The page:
A bill to make federal agency reports to Congress available to the public online has garnered bipartisan support in the House, a companion bill in the Senate, and the thumbs-up from the Government Printing Office and transparency advocates. The Access to Congressionally Mandated Reports Act would gather together all reports to Congress from federal agencies in one place. It requires that they be published online by GPO in bulk, in open formats, and in a timely fashion, so that people can easily learn about the work of the federal government. As things currently stand, the reports are scattered about online, in the infrequent circumstance when they can be found at all.
Representative Mike Quigley (D-IL) introduced the legislation in the House in May (HR 1974), after which it was promptly considered by the Committee on Government Oversight and Reform, endorsed by Committee Chairman Darrell Issa (R-CA), and unanimously reported out of committee. The bill currently has 17 co-sponsors from both sides of the aisle, including senior Republican leader Greg Walden (R-OR).
Senator Joseph Lieberman (I-CT) introduced companion legislation in the Senate in July (S. 1411) along with Senators Susan Collins (R-ME) and Tom Coburn (R-OK). Co-sponsorship by the co-chairs of the Homeland Security and Government Affairs Committee bodes well for its future consideration by that committee.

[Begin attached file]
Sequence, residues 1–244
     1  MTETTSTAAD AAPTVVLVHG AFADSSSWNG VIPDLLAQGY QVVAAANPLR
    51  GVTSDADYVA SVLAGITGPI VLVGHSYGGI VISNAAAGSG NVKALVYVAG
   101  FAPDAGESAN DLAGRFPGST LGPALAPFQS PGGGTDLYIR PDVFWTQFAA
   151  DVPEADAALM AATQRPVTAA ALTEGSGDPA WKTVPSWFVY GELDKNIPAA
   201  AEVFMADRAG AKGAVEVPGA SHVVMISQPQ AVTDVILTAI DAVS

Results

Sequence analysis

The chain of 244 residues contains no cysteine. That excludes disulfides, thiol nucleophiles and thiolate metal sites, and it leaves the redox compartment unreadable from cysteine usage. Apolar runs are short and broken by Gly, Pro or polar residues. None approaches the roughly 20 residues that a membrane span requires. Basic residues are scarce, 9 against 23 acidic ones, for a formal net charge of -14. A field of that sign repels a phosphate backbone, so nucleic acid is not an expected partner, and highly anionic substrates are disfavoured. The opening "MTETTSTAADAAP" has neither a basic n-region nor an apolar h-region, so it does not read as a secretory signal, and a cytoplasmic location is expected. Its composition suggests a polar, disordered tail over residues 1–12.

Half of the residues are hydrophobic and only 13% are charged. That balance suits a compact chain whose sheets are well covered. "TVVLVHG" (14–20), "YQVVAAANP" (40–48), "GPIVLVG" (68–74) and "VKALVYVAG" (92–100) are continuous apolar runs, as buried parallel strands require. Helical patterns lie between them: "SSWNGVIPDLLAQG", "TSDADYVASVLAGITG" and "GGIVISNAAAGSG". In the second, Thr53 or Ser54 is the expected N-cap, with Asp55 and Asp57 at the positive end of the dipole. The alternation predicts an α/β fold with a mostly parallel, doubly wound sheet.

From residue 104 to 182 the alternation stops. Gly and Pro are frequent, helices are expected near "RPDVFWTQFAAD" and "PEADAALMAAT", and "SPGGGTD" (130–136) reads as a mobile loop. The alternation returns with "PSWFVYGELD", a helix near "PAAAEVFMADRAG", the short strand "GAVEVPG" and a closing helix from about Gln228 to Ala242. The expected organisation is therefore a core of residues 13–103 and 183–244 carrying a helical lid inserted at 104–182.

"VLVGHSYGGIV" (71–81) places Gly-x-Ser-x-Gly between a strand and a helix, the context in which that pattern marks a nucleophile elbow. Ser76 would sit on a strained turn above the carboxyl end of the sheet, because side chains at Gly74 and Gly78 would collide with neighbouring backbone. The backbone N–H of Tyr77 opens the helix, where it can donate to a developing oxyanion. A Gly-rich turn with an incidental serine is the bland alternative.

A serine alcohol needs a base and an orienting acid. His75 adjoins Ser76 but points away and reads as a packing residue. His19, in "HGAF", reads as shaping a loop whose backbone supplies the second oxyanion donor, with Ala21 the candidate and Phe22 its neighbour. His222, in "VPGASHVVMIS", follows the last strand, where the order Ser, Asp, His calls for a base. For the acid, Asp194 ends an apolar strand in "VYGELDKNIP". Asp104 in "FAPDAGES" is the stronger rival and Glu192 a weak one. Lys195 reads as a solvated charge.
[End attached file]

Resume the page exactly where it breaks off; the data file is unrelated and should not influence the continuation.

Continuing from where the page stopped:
The Government Printing Office, which would be responsible for implementing the legislation, wrote a letter in May indicating its ability and willingness to put the law into effect. Additionally, a coalition of organizations (including Sunlight) wrote to Congress in support of the legislation.
To become law, some hurdles remain. The Committee on House Administration, the Senate Homeland Security and Government Affairs Committee, and the Senate Rules Committee would all have to indicate their assent, setting the stage for consideration on the floor by the House and Senate. It's time to enact this bill into law.